This was an easy assignment, and highly anticipated too. I'd wanted an 1100 Sport since its debut in 1994, but six-years later (and another management change) the V11 Sport temporarily erased that machine from my mind. 1064cc, fuel injection, Dr, John's spine frame, a new six-speed transmission and dressed in classic Telaio Rosso red and green? Where do I sign? More than any other Moto Guzzi of recent memory including the Daytona, the V11's promise to the Guzzisti of being superior to the V7 Sport, the 1100 Sport, or the first 850 Le Mans almost made it an instant classic before it was released.
But that didn't happen.
Initially testing very well, warts began to appear as owners racked up the miles and modifications. Revisions to the chassis that included decreasing rake angle (as compared to the 1100 Sport, which the V11 was based on) combined with the Sport's over-sprung rear monoshock produced some very un-Guzzi like behavior for many during high speed passes. Complaints ranging from a slight vagueness or feeling 'nervous' through the bars to reports of outright wobble were in direct contrast to the planted, can't-move-it stability of the original spiny. In 2004, rake was increased and things improved, but it's generally accepted the later V11s are better 'all arounders' that lack the 1100 Sport's at limit stability. Naturally, given all that's known now prices are reasonable, but with that time comes the knowledge on available fixes and upgrades to transform the bike into what it was intended to be. It's worth doing.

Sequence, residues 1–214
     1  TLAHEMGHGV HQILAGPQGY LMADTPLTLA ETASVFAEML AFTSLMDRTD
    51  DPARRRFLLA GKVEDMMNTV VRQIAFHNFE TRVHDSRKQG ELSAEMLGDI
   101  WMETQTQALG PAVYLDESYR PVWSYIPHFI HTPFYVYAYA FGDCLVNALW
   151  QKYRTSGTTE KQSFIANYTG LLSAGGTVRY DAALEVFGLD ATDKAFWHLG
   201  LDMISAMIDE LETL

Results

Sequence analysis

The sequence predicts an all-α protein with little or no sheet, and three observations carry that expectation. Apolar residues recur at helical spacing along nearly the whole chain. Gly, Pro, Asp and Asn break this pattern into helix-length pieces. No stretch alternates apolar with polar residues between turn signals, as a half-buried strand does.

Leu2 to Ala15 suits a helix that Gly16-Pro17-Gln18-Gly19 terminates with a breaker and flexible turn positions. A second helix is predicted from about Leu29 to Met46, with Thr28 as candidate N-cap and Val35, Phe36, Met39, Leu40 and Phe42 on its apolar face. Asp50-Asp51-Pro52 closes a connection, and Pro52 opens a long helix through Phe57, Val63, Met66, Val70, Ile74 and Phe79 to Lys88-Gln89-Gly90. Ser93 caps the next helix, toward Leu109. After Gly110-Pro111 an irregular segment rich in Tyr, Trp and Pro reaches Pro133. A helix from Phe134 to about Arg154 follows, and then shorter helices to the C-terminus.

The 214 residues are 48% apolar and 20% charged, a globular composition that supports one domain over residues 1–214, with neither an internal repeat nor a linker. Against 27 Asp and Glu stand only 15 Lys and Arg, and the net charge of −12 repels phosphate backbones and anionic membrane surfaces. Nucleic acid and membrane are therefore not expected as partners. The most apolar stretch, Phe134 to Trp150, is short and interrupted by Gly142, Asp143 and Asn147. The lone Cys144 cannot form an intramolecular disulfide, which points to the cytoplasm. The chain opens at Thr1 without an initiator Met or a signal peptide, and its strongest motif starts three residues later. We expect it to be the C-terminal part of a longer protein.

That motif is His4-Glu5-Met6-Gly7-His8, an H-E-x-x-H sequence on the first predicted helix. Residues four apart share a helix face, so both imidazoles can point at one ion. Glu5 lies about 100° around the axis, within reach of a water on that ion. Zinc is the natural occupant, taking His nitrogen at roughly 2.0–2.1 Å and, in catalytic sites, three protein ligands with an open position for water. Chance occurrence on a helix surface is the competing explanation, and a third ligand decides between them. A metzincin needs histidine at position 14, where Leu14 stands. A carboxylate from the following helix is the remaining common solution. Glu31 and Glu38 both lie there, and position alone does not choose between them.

Special mention: V11 Le Mans
Personally, I liked the LeMon a lot more than the naked V11 and still do, despite the former having issues with black engine paint flaking and early versions suffering ECU issues. I reasoned it felt more composed due to the fairing's downforce that masked many of the Sport's handling flaws. I also favored the styling, but never liked Guzzi's use of plastic fuel tanks. In my 2002 test I called the V11 Le Mans the best of the breed and in many ways it is. The six-speed and FI gave the bike a tractable, rider friendly personality that lots of riders preferred over the raw-boned Tonti, and it was faster through the gears. But experience gained since then shows the V11 off the mark for ultimate stability when compared to the earlier 1100 Sport/Daytona RS, and despite all the plastic, the V11s are quite a bit heavier too.